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London releases 2012 Olympic competition schedule

LONDON AP) — Mark your calendars now.

The date: Sunday, Aug. 5, 2012.

The time: 9:55 p.m.

That's when the starting pistol will go off for perhaps the most eagerly anticipated event of the London Olympics — the men's 100-meter final.

Barring injury or an upset, Usain Bolt will be going for his second consecutive gold medal in the marquee race — and possibly another world record — in front of 80,000 fans on a summer evening at London's Olympic Stadium.

In less than 10 seconds, Bolt — or will it be American rival Tyson Gay, Jamaican teammate Asafa Powell or another sprinter? — will grab one of the most coveted prizes in sports.

London organizers released the full sports competition schedule for the Olympics on Tuesday, exactly one month before the first batch of 8.8 million tickets go on sale.

The games will run from July 27 to Aug. 12, with 19 days of competition featuring 302 medal events in 26 sports. There will be 631 sessions, 62 more than in Beijing in 2008.

"This is a really big moment, a huge moment," said London organizing committee head Sebastian Coe, a former two-time 1,500-meter Olympic champion. "In this project, every day you get closer, every day it becomes more of a living creature. In my own experience as a competitor, this is the point that it suddenly becomes very real."

Among the main changes, the swimming finals will revert to the evenings after having been held in the morning in Beijing to satisfy prime time television viewing in the United States.

Women's boxing and mixed doubles in tennis are on the program for the first time, and an extra day of competition has been added to canoe slalom, BMX cycling, track cycling, shooting and table tennis.

The cheapest tickets will go for 20 pounds ($32), while the best seats for the 100-meter final will cost 725 pounds ($1,160). Already, 2.2 million people have registered interest in buying tickets.

"This is the greatest show on earth and these will be the greatest tickets on earth," Coe said.

There will also be free events, including road cycling, triathlon and the marathon, all taking place in the streets of London.

The track and field competition will run Aug. 3-12.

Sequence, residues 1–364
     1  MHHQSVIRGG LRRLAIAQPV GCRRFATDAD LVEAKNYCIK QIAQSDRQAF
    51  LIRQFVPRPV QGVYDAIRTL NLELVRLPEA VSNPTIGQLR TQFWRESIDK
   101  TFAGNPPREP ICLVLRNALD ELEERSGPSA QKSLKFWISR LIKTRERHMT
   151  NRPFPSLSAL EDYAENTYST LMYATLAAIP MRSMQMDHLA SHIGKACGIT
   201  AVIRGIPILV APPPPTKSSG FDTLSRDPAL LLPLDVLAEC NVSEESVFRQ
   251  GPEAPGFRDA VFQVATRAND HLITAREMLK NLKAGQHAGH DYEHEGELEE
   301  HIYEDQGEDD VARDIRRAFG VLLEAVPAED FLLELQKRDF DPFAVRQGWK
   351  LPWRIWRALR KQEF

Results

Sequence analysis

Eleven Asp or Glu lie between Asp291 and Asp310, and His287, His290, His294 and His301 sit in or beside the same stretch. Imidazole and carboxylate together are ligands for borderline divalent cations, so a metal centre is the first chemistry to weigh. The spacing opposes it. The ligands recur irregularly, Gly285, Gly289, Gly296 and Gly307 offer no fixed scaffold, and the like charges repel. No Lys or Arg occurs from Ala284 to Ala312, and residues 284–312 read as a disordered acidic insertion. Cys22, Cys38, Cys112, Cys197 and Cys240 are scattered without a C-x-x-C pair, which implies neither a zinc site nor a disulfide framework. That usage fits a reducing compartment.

The men's 100 heats are on the morning of Aug. 4, with the semifinals and finals the next evening.

"There is a recognition now that the men's 100 is a pretty serious moment and we have planned that to be fairly early on the evening of that Sunday," Coe said. "The things people remember are head-to-heads and we could potentially have one of the best, given that Tyson Gay is going to make this a really tough run for Usain Bolt."

If Bolt wins the 100, he'll have a chance to replicate his Beijing sprint double in the 200 final on the evening of Aug. 9.

The women's 100-meter final is on the evening of Aug. 4. That will come just after the men's 10,000 final, which could feature Ethiopia's Kenenisa Bekele going for a third straight gold medal. British fans will be hoping to see current world and European champion Jessica Ennis going for gold in the final event of the heptathlon, the 800 meters.

The relays will be held during the evening sessions on Aug. 10-11. The women's 800-meter final on Aug. 11 is the last individual track event on the schedule, and could include South Africa's Caster Semenya seeking to match her gold from the 2009 world championships.

The busiest day of the Olympics will be the middle Saturday, Aug. 4, with swimming and track and field overlapping.

The first event of the games will actually take place 150 miles away from London — a women's preliminary-round soccer match at the Millennium Stadium in Cardiff, Wales, on July 25, two days before the opening ceremony. Two other matches will be played that day in Coventry and Glasgow.

Apart from soccer, the first sports action will come in archery at Lord's cricket ground on July 27, just hours before the opening ceremony at the Olympic Stadium in east London.

The first medals will be awarded the next morning in the men's and women's air pistol and air rifle shooting events. The men's cycling road race will finish on the Mall in front of Buckingham Palace later in the day.

The first women's boxing finals in Olympic history will take place on the evening of Aug. 9.

In gymnastics, the women's all-around final will be contested on Aug. 2. The women's singles final in tennis will be played on the grass at Wimbledon on Aug. 4, followed by the men's gold medal match the next day.

In swimming, the men's 200 freestyle final on July 30 could feature Michael Phelps, Ryan Lochte and perhaps Ian Thorpe, the former Australian star who is making a comeback. A day earlier in the men's 400 freestyle relay, France could be seeking to avenge its close defeat to the Americans in Beijing.

The final weekend of the games will feature gold medals in volleyball, basketball, water polo, modern pentathlon, field hockey, handball, sailing, gymnastics, football, diving, mountain biking, canoe sprint, boxing, archery, track and field and men's marathon.

Applications for Olympic tickets open on March 15 on the official London 2012 website for people who over 16 years of age and are residents of the U.K. or designed European countries. Overseas fans must apply through their national Olympic committees.

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www.tickets.london2012.com